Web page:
When it comes to money, we’re stupider than we think

I’ll get to my other good customer service story later. First, a bit of personal finance because it’s big-time on my brain as I’m trying to prepare to purchase a house.

I get some great money tips from Vanguard, my 401k company. (If you don’t have a retirement fund, get one. Your future self will thank you.)

One recent e-mail particularly caught my eye: Why so many Americans are broke. Go read that article. Now. It’s ok, I’ll wait for you to come back.


Was your mind just blown? People want to save $5 on something that costs $15 but not on something that costs $125? People are willing to agree to a higher cost if they pay with credit cards than with cash? People will spend more of a windfall if it’s perceived as a ‘bonus’ rather than ‘rebate’?

The reason my mind was blown is because I think I’m pretty dang smart when it comes to money, but I know I’ve fallen into all of these traps before. Hell, as the article points out, even Ivy league smarties failed these tests.

Modern Friends, we young adults are horrible with money. We spend way too much on clothes and entertainment while hardly thinking about savings, frugality and the future. I’m just as guilty as the next person, but seriously, we need to be smarter. Being smart with money will make your life easier. Notice I didn’t say being richer will make your life easier. It’s all about managing what you have.

Here are tips from the article on how we can be more financially savvy:

  1. Set up automatic contributions to a savings account. It’s hard to save because it requires willpower. That’s why Vyse suggests making the saving automatic. So even if you do nothing, money is set aside for the emergencies, such as unexpected car bills.
  2. Build in delays to buying. You may want a new high-definition TV, but make it a rule not to order any nonessential item for at least a day or two.
  3. Use windfalls wisely. When unexpected money lands in your lap, don’t let it blow back out of your life just as randomly. Pay off debt with a windfall rather than buying something new, Vyse suggests. If you have no debt, contribute any windfalls to savings.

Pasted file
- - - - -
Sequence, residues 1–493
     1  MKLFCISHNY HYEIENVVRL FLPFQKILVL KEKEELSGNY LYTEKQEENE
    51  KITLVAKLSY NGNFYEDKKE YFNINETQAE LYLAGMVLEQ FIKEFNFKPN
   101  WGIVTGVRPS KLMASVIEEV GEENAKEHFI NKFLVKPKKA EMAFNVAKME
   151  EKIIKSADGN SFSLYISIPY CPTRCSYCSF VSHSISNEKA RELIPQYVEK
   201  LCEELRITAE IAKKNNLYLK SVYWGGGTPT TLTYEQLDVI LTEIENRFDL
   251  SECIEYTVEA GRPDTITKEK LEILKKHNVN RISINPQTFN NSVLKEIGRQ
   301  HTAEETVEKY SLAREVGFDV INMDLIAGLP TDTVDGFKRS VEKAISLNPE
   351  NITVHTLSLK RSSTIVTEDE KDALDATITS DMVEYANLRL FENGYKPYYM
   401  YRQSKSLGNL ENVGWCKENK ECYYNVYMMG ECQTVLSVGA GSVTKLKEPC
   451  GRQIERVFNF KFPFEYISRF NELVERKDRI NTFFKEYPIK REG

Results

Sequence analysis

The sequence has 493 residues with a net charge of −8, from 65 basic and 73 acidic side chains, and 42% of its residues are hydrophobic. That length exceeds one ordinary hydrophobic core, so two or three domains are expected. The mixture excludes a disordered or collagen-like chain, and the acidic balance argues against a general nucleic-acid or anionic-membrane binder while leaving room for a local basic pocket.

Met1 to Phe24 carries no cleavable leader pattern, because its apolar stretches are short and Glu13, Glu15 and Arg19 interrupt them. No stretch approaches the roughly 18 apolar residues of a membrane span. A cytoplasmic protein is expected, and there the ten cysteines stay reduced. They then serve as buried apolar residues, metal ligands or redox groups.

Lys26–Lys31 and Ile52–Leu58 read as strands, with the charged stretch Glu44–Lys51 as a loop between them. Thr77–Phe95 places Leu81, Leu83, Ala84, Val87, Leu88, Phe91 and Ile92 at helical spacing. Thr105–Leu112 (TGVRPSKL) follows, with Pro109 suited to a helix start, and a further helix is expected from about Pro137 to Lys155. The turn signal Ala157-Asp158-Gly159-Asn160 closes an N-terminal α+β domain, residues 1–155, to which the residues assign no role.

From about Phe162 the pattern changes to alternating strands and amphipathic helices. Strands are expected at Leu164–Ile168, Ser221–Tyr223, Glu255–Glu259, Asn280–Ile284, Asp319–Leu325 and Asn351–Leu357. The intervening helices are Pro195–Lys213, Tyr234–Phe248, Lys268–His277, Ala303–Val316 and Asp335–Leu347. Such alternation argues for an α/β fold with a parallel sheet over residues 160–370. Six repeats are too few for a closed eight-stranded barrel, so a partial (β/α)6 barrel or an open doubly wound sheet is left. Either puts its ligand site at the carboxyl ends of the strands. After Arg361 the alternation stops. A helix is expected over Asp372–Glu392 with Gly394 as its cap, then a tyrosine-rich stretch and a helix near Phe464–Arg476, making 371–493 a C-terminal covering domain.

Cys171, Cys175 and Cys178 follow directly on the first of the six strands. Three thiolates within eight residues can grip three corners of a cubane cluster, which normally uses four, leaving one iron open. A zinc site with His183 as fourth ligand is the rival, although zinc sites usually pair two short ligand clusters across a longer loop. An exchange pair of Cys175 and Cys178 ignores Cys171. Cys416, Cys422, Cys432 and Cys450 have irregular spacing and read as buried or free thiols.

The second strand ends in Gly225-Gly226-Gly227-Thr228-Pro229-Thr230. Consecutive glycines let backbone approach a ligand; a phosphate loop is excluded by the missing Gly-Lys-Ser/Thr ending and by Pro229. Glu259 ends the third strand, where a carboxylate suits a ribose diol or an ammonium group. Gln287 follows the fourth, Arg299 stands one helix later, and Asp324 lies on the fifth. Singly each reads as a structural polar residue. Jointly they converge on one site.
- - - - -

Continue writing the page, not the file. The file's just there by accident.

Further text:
4. Pay by cash or check. If your credit card bills have you over a barrel, Vyse advises carrying cash and your checkbook.
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9 Responses to When it comes to money, we’re stupider than we think

  1. Noelle says:

    I wish there was more to do when one is just making ends meet. I'm not worried about buying a big screen TV, I'm worried about paying for groceries.

    And it is funny, the lenths we'll go to save money on small items. I read about that in "Predictably Irrational," which is a fantastic book about the irrational things we all do, including the way we handle money.

  2. courtney says:

    That is a really interesting article. I'd love to say that anyone who'd make those money mistakes is an idiot, but I could see myself falling into them too. For example, when I bought my car a few years ago, the salesman urged me to buy the $200 Honda floormats, and his logic was that I was already spending $16K, so what's another $200? It made sense to me for about three seconds, then fortunately I realized that $200 was most of a monthly payment at the time, so I didn't get them. $200 is $200, whether it's expressed as a fraction of $16K or not.

    Have you found a house to buy yet? Exciting!

  3. Herman says:

    Great post!

  4. Herman says:

    Also, totally jealous that you have Vanguard for your 401(k).

  5. alexa - cleveland's a plum says:

    amen sister!!!

    i need help, so much help. and i've been trying to do these tips for awhile now.

    i.e. i haven't spent money on a credit card since august. wellll maybe a little during christmas, but i HAD to. ha.

  6. Jen says:

    The problem with making savings automatic, is that now it's just as easy to move that money in your savings account over to your checking account with the click of the mouse.

    I try not to do it, yet it's still to easy to resist the call of extravagance.

  7. Bayjb says:

    Great tips. Any money I get (bonus, tax return, etc.) always goes half in savings and half for fun. I follow a lot of this stuff already but definitely need to be better.

  8. Allison M. says:

    Great tips, and I try to pay cash or give myself limits I can spend on groceries, personal items, etc.

    I try to throw as much extra cash as I can on my credit cards because those need to go away already!

    We young ones don't know a lot when it comes to money. Or maybe I don't know enough.

  9. Allie says:

    That was really interesting! The delay on big purchases thing helps me a lot. Actually, it even helps me on little purchases.

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